Hey, you know that blogger extraordinaire Hurricane Mikey is posting again, and on his original site, right? One of the reasons Mikey took a hiatus was because he was conducting a job search and wanted to shield his personal life from prospective employers. Fortunately, as he’s recently reported, his current employer “doesn’t give a rat’s ass” about what he does outside of work.
As it should be.
Recently I told you that the contract on my job will be over at the end of the month. Weh. It’s been a wonderful gig, especially the telecommuting part. And now that I’m on the prowl myself, I’ve been thinking about Mikey and what employers need—and don’t need—to know about you.
I’ve never been big on editing out parts of myself in order to comply with corporate expectations; I’ve learned that it’s better for employers to know who you really are right from the beginning. Years ago, back when I was still following the rules, I got hired for a position no doubt because I performed so beautifully during an interview. And it really was a performance; I totally convinced them that I was a straight and narrow, by-the-book professional.
Of course, I couldn’t keep that boring persona up for too long and my true, fun, personality seeped through. I did a great job as far as my work went, but joked around with my staff a lot. They loved me. Yep, everybody under me loved me, but those above me on the food chain couldn’t stomach me at all. I wasn’t a fit for their culture; I was nothing like what they thought they were getting. That turned out to be the worst place I ever worked, just a miserable experience.
Ever since, when presenting myself to prospective employers or consulting firms, I’ve been my true crazy self. They can take me or leave me, and fortunately, I seem to be what they’re looking for. But I do have a very strong resume and an impressive portfolio of work. That’s the key—the more skilled you are, the more you can get away with being your authentic self on the job. If you’re really, really good, you don’t have to spend so much energy creating a professional persona. And you can direct all that energy toward doing a good job, which, after all, is why you're there in the first place.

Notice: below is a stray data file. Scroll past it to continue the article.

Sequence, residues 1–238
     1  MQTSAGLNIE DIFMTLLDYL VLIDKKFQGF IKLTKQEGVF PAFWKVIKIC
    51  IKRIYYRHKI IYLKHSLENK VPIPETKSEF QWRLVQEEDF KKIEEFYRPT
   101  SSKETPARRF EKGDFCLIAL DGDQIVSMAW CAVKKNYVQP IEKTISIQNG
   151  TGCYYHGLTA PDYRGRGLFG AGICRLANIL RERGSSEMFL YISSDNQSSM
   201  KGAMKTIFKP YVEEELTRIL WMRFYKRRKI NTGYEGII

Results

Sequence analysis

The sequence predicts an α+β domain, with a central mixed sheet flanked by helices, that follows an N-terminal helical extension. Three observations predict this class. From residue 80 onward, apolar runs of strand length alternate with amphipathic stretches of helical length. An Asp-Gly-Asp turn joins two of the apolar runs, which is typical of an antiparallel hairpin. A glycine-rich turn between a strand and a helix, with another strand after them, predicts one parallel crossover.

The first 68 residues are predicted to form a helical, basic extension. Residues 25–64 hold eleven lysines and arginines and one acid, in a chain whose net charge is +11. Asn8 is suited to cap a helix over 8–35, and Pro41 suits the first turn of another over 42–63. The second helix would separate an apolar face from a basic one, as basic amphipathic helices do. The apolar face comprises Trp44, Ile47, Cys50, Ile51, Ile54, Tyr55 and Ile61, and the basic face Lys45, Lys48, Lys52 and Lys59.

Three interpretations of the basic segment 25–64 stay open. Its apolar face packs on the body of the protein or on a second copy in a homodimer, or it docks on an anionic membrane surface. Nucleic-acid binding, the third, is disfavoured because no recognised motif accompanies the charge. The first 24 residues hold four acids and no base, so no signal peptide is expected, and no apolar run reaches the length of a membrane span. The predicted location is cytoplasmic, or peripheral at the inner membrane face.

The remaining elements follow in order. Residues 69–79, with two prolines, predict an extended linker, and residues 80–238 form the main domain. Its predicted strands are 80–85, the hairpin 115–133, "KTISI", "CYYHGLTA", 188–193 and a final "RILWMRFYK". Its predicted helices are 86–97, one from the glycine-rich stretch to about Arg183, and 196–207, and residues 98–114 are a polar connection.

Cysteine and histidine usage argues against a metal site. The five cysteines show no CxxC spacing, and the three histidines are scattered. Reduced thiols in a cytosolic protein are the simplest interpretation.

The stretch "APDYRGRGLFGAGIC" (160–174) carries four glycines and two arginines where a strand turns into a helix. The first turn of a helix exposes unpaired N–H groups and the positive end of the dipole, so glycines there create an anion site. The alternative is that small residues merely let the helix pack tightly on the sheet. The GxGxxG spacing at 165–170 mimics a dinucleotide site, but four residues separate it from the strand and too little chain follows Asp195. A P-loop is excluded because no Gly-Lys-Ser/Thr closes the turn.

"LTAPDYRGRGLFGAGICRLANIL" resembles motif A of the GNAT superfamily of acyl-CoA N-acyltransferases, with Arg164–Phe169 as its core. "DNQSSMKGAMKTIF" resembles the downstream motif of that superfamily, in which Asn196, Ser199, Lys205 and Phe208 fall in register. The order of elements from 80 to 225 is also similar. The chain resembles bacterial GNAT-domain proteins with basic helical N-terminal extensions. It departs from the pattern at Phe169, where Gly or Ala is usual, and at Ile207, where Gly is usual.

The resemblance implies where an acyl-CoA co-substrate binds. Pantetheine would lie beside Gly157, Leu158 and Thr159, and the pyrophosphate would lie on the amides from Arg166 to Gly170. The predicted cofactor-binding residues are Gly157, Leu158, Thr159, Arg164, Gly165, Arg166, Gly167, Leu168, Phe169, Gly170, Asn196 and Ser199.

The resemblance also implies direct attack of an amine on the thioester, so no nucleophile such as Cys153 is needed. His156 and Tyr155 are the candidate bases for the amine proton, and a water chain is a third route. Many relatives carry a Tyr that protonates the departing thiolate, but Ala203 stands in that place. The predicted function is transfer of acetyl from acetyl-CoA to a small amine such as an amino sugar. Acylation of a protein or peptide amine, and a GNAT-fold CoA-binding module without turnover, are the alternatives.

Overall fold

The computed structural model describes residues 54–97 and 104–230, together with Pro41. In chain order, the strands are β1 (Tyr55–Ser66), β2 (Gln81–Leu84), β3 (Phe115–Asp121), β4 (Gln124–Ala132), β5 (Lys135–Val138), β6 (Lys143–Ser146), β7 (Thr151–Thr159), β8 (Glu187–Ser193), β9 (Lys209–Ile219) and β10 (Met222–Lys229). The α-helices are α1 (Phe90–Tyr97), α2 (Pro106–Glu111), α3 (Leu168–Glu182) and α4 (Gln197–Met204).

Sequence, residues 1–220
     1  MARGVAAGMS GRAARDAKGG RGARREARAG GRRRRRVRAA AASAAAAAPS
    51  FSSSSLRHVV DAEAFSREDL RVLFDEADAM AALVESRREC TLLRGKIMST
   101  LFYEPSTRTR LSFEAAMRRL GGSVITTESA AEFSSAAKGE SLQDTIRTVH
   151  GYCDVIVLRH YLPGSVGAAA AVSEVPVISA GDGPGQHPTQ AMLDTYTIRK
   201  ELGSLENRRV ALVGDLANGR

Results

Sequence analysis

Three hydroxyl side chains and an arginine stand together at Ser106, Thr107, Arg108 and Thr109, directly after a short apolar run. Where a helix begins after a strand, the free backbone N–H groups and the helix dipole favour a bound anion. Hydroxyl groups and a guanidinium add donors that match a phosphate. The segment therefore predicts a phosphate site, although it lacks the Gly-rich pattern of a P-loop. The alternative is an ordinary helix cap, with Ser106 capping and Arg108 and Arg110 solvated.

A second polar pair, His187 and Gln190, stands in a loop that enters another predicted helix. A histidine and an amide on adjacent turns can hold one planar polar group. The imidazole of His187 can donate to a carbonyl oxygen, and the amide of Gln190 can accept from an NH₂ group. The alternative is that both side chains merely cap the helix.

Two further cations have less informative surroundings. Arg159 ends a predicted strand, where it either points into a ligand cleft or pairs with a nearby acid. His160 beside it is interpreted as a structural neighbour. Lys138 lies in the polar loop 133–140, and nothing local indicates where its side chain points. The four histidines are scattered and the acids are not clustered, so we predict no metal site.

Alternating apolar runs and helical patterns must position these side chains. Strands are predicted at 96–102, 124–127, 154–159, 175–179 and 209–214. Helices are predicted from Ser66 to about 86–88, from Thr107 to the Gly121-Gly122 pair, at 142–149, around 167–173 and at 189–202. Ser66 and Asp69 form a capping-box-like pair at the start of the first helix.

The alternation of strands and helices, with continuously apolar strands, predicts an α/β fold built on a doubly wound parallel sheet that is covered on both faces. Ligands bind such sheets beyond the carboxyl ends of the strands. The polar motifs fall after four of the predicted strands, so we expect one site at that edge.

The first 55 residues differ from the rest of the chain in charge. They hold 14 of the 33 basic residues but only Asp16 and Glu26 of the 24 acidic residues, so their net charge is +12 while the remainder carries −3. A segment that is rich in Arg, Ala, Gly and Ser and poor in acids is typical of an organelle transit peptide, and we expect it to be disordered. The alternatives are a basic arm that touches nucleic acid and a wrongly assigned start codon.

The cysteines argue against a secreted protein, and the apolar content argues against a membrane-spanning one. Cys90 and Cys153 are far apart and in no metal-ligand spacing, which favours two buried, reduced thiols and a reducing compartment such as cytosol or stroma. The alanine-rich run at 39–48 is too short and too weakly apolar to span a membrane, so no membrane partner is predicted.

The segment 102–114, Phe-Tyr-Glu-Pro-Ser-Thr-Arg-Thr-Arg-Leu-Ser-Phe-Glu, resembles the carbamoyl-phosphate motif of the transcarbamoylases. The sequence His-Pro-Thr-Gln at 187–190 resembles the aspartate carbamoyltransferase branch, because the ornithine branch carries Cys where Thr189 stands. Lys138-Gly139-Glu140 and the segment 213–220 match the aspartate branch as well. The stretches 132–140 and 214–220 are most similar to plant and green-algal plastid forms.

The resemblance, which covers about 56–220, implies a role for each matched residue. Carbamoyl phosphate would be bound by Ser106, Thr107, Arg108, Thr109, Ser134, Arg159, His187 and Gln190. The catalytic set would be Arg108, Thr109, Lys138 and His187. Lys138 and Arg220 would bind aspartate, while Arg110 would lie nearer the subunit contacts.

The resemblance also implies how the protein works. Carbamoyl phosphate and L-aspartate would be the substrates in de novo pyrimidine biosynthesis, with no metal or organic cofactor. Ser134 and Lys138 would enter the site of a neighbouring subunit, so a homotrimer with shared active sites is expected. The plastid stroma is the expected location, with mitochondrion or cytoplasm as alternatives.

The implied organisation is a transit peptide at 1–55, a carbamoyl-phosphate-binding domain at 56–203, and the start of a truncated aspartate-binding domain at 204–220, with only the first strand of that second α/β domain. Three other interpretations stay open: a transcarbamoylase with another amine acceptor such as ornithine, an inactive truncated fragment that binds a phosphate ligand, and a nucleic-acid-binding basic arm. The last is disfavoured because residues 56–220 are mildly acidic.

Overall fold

Don't get me wrong; I'm not too relaxed. It's not like I throw the F word around on interviews… or at all in the workplace. Well, I try not to.
This is funny. A few years ago, I had just started a new job—I was there maybe three weeks. About twelve people from my department were sitting around the conference table; each person had to give a brief report on what they’d been doing the past week. When it came to be my turn, I excitedly told my coworkers—and boss—of the progress I’d make on a task that was particularly challenging. I was feeling great about it all and at the end gushed, “And this a huge fuckin’ project!”
Immediately, I realized what I’d said and covered my mouth with a big “Oops!” but it was too late. Everyone in the room cracked up. For the rest of that day, people were high-fiving me and saying things like, “That was the greatest moment of my worklife!” and told me how much they liked me and wanted to work on projects with me. I was like a folk hero. Even my boss thought it was an awesome slip. (He was a nut himself, believe me.)
Anyway, in the words of Popeye, “I am what I am.” For some reason, it seems to be working.
How about you? Can you be your true self at work? On a scale of 1 to 10, how surprised would your coworkers be to know the “real” you?